Diversity in Advertising

Posted on November 21, 2012

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Seeking a career in the advertising industry? Don’t let Mad Men put you off, they want you.

There’s always been a huge problem with diversity in the workforce, from the class and gender wars of the 50’s and 60’s to the acknowledged lack of diverse talent in the predominantly white and middle class finance, political and media industries.

Last week, the advertising industry were brought together by the launch of The Ideas Foundation’s Diversity in Advertising film, to challenge what diversity in advertising means and ask a panel of industry leaders how to change an established system that is still recruiting oxbridge graduates into its fold.

With only 5% of the ad industry made up of people from non-white  backgrounds, and 30% of UK consumers being non-white, the question on everyone’s lips was how on earth it has got to this point? As Sean Bailie, Special Adviser to the Prime Minister on Youth and Crime pointed out, we are in a world where your ethnicity, class or gender shouldn’t pre-determine who you are as a person, the things you like, or your buying choices.

It could be argued that having niche agencies or separate inter agency units set up to specifically target BME audiences is almost being as bad as the black South African in the 80s who had to sit on a separate bench. So when the industry that holds the power in determining mass – and individual – consumption, doesn’t even appropriately reflect the buying public, something’s hugely gone awry.

The Diversity In Advertising’s panel included Jonathan Akwe, Engine; Angela Rutledge, Andrews Aldridge; Trevor Beatty, Beattie McGuinness Bungay; Magnus Djaba, Saatchi & Saatchi and Nicola Mendelsohn, President of the IPA. Chaired by the legendary Sir John Hegarty, Founder, BBH, the overall consensus was that the change needs to come from within. Recruitment and HR teams need to get creative, and the unpaid intern culture needs a serious rethink. Trevor Beattie joked how Leeds has ‘never been so posh’ now that there’s a wave of interns being employed to fill the growing number of creative jobs. But its only interns who are able to be supported by their parents, who can afford to work for free.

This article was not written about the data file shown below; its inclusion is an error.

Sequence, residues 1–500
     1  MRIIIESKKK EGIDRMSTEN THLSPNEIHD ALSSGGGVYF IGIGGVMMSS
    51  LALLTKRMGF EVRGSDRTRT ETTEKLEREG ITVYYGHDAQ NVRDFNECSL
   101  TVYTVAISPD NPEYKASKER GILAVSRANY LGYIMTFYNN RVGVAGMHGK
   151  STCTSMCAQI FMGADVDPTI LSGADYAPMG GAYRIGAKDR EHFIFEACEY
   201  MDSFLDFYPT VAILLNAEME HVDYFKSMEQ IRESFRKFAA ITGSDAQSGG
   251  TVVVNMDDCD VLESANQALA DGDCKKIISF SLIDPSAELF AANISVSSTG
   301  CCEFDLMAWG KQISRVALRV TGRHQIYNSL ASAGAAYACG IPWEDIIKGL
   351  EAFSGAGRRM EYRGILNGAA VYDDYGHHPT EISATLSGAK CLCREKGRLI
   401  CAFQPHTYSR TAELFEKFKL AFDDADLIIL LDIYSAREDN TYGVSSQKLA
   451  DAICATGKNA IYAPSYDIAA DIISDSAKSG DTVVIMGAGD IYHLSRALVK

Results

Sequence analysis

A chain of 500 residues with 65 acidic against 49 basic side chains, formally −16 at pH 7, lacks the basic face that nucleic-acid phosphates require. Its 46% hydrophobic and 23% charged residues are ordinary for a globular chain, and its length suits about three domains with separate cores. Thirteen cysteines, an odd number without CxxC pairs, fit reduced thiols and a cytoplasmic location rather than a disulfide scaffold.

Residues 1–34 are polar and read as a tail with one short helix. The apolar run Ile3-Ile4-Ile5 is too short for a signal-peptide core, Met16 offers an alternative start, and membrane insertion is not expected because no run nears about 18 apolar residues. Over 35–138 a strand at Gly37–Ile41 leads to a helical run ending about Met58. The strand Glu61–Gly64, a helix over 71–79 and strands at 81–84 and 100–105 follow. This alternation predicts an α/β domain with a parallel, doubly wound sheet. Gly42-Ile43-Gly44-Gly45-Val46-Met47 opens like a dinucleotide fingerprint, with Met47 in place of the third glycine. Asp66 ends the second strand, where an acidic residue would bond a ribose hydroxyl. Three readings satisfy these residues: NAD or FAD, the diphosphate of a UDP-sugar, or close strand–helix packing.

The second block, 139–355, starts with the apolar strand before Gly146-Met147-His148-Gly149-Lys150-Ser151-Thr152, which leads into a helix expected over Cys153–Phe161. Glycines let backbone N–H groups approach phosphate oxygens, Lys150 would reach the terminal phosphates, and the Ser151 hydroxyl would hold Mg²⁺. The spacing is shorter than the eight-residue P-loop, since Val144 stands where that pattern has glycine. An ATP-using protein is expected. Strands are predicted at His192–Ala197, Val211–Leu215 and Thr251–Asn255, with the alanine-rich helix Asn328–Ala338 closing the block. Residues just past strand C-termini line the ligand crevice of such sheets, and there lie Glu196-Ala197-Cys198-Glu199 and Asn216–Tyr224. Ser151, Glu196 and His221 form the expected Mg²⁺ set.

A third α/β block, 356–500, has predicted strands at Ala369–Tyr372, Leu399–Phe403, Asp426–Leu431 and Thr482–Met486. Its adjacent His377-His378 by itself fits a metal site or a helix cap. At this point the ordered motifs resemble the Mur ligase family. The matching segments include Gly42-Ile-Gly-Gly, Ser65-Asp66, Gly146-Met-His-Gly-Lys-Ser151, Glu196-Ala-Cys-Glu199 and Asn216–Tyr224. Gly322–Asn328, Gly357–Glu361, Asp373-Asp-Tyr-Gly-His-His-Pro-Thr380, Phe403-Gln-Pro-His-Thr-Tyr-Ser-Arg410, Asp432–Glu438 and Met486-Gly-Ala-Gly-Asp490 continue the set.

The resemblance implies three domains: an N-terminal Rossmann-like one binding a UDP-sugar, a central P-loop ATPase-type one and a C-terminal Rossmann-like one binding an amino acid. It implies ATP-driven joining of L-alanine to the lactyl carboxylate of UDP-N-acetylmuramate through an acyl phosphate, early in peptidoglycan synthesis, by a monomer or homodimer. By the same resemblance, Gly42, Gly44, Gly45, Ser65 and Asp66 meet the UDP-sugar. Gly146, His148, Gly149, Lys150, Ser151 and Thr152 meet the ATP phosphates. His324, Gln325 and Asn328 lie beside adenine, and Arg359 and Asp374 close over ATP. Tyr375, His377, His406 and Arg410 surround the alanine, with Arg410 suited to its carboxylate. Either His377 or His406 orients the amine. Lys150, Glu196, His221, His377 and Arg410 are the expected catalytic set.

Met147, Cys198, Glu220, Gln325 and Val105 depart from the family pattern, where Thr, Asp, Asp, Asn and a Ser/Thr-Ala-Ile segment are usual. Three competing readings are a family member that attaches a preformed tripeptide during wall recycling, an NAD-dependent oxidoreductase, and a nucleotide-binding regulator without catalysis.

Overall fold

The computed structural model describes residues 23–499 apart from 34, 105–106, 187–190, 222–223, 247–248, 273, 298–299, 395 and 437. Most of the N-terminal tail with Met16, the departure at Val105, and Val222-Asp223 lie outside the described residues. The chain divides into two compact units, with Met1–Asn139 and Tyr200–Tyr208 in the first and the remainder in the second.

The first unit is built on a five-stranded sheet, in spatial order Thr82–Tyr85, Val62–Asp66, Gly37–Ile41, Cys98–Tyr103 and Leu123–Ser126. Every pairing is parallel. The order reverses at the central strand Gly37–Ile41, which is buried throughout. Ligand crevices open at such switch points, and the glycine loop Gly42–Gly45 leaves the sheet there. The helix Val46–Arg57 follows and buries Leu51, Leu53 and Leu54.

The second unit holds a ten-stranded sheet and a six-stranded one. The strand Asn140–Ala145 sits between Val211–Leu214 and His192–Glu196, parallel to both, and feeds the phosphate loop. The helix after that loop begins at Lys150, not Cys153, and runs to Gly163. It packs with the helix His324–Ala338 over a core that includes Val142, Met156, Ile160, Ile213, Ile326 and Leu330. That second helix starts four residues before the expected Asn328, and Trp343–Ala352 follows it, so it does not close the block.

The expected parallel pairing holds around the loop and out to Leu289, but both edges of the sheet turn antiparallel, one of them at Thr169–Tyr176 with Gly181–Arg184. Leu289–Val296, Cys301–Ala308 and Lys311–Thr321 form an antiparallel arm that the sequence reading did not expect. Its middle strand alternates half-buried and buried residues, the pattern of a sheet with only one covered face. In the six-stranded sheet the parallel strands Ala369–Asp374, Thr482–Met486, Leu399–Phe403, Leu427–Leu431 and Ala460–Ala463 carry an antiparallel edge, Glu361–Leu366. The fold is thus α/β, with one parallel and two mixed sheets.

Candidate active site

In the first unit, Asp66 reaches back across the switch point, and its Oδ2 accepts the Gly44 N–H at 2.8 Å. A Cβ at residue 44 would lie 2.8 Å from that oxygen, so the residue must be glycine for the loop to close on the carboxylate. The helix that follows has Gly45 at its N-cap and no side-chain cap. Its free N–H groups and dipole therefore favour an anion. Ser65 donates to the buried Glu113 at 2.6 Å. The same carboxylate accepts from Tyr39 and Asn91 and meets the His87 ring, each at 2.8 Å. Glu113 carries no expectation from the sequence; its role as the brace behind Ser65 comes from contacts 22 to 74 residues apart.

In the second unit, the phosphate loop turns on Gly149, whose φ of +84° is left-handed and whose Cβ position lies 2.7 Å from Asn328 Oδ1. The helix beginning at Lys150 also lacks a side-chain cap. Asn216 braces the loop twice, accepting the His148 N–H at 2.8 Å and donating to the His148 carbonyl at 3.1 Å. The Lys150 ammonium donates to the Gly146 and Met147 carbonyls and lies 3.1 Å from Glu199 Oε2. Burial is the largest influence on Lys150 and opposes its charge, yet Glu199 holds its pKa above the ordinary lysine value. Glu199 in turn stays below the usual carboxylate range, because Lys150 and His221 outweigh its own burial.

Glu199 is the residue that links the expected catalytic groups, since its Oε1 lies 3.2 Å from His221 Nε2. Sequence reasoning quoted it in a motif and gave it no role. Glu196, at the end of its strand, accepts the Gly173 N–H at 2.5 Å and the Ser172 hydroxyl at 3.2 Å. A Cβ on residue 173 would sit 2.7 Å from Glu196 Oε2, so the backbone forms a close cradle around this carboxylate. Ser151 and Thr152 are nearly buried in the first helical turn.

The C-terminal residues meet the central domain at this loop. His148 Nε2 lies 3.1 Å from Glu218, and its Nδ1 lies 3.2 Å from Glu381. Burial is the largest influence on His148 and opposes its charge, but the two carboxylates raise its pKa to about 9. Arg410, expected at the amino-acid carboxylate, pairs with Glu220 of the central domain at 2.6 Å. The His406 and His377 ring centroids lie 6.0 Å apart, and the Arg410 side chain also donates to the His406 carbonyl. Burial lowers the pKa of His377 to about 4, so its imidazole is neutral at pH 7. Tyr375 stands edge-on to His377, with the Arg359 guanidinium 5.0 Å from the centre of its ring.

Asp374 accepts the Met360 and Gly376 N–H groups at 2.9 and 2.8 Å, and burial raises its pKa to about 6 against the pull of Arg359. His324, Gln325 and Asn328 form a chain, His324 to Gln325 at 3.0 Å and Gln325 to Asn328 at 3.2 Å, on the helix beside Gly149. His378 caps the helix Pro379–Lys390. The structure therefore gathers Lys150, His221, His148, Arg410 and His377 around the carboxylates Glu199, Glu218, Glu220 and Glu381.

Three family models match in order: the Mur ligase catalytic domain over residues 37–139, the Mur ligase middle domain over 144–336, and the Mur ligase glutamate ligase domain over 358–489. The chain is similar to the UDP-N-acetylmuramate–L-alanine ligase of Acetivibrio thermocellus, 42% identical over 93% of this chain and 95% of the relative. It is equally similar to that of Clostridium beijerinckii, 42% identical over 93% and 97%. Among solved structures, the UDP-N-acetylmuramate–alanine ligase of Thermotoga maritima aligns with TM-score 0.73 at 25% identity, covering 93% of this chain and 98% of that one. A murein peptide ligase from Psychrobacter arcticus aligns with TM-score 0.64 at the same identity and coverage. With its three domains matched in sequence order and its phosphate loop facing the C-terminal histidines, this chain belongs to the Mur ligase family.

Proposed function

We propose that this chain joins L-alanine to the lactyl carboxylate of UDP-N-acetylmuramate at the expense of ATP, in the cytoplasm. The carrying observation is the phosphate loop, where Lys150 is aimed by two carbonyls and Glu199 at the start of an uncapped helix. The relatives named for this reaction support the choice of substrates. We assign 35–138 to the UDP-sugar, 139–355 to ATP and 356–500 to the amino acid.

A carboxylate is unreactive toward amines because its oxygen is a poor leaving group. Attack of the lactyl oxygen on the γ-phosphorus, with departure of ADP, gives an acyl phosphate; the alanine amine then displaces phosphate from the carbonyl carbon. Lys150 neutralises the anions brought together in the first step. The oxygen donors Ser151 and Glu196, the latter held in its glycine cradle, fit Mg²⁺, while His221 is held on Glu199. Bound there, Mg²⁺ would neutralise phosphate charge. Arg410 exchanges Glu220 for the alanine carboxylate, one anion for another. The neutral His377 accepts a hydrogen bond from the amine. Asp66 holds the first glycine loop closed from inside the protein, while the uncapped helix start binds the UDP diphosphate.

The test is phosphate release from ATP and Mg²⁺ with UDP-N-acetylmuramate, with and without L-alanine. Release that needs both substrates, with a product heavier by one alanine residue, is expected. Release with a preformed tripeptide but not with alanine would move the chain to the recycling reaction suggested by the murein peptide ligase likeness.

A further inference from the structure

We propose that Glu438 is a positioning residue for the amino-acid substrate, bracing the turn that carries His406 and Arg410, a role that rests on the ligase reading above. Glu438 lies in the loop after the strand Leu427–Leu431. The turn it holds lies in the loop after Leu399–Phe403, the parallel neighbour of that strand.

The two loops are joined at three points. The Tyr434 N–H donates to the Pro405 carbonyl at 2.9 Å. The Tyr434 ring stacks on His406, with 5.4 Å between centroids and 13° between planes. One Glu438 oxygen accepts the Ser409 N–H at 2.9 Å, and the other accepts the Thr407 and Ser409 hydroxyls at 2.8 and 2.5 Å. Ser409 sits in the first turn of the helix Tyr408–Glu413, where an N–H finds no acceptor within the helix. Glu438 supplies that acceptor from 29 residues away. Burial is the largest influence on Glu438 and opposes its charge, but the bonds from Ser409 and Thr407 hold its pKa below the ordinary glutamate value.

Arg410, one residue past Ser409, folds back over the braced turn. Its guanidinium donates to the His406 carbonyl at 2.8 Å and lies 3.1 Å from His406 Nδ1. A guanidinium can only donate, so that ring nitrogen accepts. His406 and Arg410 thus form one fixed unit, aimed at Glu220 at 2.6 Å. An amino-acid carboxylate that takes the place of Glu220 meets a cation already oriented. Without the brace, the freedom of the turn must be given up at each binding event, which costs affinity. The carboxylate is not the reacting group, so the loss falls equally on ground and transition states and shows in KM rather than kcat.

Jonathan Akweyue referred to some creative industry apprenticeships that are starting to bring more diversity to the blue chip work force. Fresh from his visit to Livity to meet the Livity & Google Advantage apprentices, he raved about how brands are partnering with organizations to radically change the status quo. Inspired by the experience at Livity when he met 15 brilliant digital natives from opportunity backgrounds, he shared how he really thinks apprenticeships are the future – a way to bring diverse, differently advantaged talent into a once rigid system.

Clever advertising entertains, engages and informs – and the really good stuff not only makes consumers feel good about themselves, but produces brand ambassadors and a sense of loyalty that keeps brands in business. Imagine how much stronger advertising creative could be if the team behind it brought a mixture of knowledge, ideas, cultural references (and code us adults don’t understand) from the multi-cultural, multi-gender, multi-ability generation who because of the situation they have found themselves in, are revolutionizing society, culture, education and economics.

Diversity is the fuel for change that challenges status quo and in the advertising industry offers a deeper connection with audiences. This can only be good for business.

Check out the Ideas Foundation’s 10min DIA film and follow them on twitter for updates.

www.vimeo.com/diversityinadvertising

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